MARTIN_UK - 22 July 2021 12:55 AM

I don’t have a stake in this, but similar questions go through my head regularly. Maybe the US is just a little butt-hurt?

This seems to be the case on some level, otherwise why would we have acted as we have for so long? Being a few miles away, maybe you can fill in a gap or two for me. Living in the U.S., I’m too close to the forest to see the trees, so to speak. Any thoughts, Martin?

 
 
weird buffalo
 
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22 July 2021 15:05
 

A big part of it is the Cuban population in Florida.  They’re extremely opposed with anything to do with the communist government.  Obama tried to do some of what would be good for both countries, but the Cuban-Americans are fighting against it tooth and nail, and they’ve supported Republicans willing to go to bat for them at the federal level.  Since the senate can be ground to a halt very easily, it means they can have a lot of influence on this issue.

 
nonverbal
 
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nonverbal
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23 July 2021 13:09
 

Thanks, weird. I’ll take your word for that.

 
 
PermieMan
 
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PermieMan
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26 July 2021 09:13
 

After the Cuban peoples struggle through the economic disparities and repression of their government while maintaining a clear sense of National Pride the gov. then has the gall to openly choose gentrification (development of their hospitality industry using foreign investment) over the loyalty, health and well-being of the Cuban citizens.  No wonder the revolt happening there for the last couple months.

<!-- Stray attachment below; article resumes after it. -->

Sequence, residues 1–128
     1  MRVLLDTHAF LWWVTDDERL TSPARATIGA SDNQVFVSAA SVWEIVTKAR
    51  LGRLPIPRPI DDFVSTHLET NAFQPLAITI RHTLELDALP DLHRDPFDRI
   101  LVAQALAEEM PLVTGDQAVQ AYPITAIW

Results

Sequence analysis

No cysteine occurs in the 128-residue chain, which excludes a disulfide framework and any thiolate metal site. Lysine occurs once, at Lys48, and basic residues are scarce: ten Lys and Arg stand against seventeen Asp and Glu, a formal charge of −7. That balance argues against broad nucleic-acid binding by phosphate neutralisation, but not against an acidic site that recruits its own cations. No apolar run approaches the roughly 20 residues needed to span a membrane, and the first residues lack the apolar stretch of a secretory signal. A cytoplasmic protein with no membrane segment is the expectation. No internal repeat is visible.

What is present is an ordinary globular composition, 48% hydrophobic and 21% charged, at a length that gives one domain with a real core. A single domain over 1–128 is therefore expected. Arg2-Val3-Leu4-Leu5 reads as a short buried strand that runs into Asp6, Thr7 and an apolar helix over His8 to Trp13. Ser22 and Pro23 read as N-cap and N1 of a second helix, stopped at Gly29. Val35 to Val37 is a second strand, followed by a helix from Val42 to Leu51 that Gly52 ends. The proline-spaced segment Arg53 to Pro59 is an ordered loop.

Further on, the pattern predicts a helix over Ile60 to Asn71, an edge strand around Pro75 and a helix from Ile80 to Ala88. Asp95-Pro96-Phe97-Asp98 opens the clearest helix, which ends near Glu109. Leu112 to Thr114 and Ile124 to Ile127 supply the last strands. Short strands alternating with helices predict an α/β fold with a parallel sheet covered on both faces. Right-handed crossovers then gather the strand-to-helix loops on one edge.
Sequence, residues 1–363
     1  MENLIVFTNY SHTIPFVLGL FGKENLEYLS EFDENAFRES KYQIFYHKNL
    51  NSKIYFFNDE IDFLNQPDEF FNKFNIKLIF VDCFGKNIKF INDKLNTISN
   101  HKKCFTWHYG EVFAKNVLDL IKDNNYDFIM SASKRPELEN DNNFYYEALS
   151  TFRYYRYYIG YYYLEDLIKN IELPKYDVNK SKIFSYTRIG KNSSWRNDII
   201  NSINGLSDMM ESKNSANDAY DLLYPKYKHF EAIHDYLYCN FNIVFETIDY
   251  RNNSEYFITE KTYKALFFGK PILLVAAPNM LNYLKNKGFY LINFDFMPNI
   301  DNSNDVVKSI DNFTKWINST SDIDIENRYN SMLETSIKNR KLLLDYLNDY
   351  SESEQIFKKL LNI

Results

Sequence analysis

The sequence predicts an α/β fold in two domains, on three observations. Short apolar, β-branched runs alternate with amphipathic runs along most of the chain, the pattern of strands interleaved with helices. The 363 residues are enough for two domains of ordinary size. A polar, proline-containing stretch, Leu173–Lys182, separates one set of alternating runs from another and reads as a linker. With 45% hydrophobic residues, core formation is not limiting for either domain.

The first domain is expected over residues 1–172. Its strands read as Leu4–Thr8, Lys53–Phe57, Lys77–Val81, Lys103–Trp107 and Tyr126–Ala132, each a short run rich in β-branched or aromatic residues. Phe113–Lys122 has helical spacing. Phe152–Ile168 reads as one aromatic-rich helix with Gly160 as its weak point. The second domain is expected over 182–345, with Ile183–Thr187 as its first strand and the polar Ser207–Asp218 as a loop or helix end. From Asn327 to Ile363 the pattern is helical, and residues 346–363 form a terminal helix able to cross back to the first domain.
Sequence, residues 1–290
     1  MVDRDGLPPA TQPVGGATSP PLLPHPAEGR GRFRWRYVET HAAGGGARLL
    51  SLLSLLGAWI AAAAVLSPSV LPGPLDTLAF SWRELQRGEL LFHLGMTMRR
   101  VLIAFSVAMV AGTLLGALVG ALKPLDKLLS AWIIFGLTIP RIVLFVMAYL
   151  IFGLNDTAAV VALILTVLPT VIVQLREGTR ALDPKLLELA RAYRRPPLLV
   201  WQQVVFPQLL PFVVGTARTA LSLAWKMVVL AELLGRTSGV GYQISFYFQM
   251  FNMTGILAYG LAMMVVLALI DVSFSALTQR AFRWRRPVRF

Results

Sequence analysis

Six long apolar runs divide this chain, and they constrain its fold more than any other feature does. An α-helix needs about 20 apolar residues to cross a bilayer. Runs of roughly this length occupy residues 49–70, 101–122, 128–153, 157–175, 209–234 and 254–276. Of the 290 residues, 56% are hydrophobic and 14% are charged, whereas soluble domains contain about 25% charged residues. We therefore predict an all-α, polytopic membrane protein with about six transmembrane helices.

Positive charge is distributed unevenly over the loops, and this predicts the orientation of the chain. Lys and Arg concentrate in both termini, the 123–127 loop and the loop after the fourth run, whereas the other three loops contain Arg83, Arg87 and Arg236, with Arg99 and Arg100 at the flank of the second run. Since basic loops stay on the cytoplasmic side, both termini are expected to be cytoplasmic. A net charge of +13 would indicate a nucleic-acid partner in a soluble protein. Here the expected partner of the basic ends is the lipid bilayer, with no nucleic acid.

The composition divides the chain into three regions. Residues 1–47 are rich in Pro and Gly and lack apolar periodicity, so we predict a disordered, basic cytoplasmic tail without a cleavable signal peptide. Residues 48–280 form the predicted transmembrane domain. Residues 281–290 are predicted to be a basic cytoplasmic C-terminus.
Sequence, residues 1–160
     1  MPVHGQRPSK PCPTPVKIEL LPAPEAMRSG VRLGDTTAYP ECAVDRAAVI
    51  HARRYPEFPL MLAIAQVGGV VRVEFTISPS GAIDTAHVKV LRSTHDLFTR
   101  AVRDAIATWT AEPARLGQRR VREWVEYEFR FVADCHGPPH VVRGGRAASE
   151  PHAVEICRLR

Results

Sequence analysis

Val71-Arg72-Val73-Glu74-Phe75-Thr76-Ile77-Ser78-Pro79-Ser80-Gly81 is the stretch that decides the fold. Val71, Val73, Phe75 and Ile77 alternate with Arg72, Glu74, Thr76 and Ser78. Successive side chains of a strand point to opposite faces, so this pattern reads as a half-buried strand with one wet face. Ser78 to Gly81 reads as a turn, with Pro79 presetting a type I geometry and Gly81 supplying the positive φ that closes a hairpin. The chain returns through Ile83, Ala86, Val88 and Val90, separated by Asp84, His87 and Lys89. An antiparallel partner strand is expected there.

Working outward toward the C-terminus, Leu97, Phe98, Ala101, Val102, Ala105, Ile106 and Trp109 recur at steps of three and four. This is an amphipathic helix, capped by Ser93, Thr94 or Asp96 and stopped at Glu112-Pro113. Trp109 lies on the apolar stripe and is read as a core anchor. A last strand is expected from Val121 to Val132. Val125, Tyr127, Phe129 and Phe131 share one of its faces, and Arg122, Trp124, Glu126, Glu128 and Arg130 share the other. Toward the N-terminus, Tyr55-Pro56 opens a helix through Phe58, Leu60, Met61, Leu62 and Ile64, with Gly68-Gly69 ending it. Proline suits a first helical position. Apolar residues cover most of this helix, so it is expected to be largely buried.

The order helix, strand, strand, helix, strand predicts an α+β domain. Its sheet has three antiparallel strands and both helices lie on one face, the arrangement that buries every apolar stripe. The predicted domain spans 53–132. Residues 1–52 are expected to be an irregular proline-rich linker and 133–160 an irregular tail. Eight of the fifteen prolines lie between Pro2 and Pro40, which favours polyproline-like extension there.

MARTIN_UK
 
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MARTIN_UK
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27 July 2021 01:17
 
nonverbal - 22 July 2021 12:14 PM
MARTIN_UK - 22 July 2021 12:55 AM

I don’t have a stake in this, but similar questions go through my head regularly. Maybe the US is just a little butt-hurt?

This seems to be the case on some level, otherwise why would we have acted as we have for so long? Being a few miles away, maybe you can fill in a gap or two for me. Living in the U.S., I’m too close to the forest to see the trees, so to speak. Any thoughts, Martin?

I know there are many nuances that I’m unaware of, so my view as an outsider is just that, but it is the view seen by some of us not fully informed and from a distance.
I think there has been tit for tat for many decades now, the US flexing their muscles and Cuba calling on their Mother to come and help, probably a natural reaction in the circumstances they were in at the time.
Then we have years of embargo from one side and espionage on both sides which could only sour relations further.
But now I struggle to see the point in carrying this on further, unless of course there are nuances to this story I am missing, which I expect is the case.
What do you think?

 
nonverbal
 
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nonverbal
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27 July 2021 08:05
 

I was 7 when the Cuba Close Call took place and no one had any reason to tell me about it. I do remember Kennedy’s assassination, though, and I remember my dad being impressed with Kennedy’s speech in which he said Ask not what your country can do for you, but what you can do for your country. (My memory has the events reversed in time. It often disobeys me.) The reason I never heard about Cuba, I suspect, is that it must have been traumatic for all the the grownups. Some traumas stay with an individual for the rest of their life, and some traumas, perhaps, stay with a nation, too. Trauma-induced mental habits, once they become ingrained, can be expected to remain in place or even grow until something else traumatic (even if to a small degree) arrives on the scene to at least start changing things up.

But this is only my wild guess. I’m going on intuition. If I knew more about the history of that era, I’d probably concoct some other hypothesis. I’ve been reading books about the history of Vietnam and Korea lately, and so far, I’ve missed reading about the Cuba Missile Crisis. I’ll see what Amazon has on the subject. Thanks for the bit of inspiration, Martin!